Laski, Harold J. (1891–1950)
A British Labour Party and Fabian Society official, one of the most famous speakers of his era, Laski was listed by Corliss Lamont as having been a philosophic naturalist.
Nicolas Walter has called Laski “a leading freethinker, an Honorary Associate of the Rationalist Press Association and our second President from 1930 to 1933, and he was certainly a very popular writer and speaker among freethinkers.” Laski was chairman of the Labour Party in 1945 and 1946 and was a professor of political science at the London School of Economics from 1926 until the end of his life.
Laski once wrote,
- The test, surely, of a creed is not the ability of those who accept it to announce their faith; its test is its ability to change their behavior in the ordinary round of daily life. . . . I cannot see, in the historic process, that the churches have been other than the enemies of reason in thought and of justice in social arrangements. Their concentration upon the life to come—for the reality of which I see no evidence—has, it seems to me, done more than most factors in history to deflect the attention of men from the realities of our life here and now. The result of the deflection has always been to the interest of those who live by privilege.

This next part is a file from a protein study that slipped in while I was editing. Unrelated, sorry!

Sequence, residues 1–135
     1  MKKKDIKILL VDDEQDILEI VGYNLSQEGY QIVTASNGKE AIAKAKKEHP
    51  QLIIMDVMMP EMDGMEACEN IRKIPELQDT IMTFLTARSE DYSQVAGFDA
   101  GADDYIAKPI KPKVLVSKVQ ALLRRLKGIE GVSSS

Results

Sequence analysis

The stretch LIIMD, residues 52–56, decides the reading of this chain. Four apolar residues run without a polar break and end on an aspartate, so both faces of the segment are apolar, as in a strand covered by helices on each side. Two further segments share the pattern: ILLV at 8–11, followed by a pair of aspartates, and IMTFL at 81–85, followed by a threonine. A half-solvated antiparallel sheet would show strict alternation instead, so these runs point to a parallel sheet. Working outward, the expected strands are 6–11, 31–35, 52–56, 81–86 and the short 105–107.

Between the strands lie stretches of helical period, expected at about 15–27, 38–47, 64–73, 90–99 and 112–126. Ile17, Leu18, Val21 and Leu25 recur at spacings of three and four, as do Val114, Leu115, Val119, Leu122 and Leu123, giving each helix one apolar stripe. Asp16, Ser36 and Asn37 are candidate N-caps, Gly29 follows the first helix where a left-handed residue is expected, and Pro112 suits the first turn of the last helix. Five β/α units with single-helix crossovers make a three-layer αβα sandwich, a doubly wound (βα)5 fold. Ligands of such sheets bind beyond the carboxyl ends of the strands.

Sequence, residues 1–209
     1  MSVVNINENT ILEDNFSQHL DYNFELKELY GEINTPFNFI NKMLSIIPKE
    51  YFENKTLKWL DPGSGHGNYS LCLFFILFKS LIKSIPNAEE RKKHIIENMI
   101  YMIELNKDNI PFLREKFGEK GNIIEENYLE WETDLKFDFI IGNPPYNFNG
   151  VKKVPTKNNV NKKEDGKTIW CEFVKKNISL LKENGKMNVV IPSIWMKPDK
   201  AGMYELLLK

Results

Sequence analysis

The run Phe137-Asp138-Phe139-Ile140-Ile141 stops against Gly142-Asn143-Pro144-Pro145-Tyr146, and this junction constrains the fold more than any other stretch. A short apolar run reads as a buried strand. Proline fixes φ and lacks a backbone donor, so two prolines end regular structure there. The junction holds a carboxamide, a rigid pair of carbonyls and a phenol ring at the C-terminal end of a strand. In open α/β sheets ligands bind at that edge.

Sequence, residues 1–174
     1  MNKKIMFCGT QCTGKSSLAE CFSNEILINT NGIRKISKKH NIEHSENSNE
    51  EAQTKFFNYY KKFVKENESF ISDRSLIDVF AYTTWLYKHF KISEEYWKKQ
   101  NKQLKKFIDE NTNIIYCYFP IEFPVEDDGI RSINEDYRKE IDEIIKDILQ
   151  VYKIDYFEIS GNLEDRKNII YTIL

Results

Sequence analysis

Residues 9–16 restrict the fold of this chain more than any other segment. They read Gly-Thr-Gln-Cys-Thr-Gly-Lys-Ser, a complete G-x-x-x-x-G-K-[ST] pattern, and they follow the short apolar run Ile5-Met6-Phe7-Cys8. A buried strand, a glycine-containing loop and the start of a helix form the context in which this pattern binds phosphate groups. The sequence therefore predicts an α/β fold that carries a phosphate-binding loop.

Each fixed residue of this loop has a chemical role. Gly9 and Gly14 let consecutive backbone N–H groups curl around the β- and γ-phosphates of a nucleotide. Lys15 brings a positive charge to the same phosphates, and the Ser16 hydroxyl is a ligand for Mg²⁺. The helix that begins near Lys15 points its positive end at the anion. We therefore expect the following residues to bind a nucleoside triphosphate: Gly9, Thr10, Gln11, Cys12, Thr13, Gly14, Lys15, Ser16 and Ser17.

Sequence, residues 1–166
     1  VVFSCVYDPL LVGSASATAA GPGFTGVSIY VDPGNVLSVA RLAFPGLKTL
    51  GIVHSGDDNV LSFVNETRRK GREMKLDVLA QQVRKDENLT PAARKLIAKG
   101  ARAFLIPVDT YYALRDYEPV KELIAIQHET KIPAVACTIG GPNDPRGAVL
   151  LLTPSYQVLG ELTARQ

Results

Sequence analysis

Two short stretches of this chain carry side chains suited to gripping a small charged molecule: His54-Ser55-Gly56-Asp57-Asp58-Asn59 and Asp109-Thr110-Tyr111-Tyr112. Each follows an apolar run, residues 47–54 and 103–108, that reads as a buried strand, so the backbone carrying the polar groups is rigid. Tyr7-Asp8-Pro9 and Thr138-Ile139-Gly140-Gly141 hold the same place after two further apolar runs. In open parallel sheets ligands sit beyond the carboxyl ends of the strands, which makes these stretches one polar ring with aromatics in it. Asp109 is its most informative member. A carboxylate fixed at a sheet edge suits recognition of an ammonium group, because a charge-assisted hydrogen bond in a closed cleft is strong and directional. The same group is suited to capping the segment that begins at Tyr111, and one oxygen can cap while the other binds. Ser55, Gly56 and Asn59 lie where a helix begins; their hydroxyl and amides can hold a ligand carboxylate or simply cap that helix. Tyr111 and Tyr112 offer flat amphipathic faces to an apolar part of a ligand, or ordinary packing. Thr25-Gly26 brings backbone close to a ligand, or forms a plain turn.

Despite his open rejection of all religion, Laski, according to Walter in The New Humanist, “remained very conscious of his Jewish identity—not surprisingly, in view of the personal anti-Semitism which he encountered and the terrible events which he witnessed.”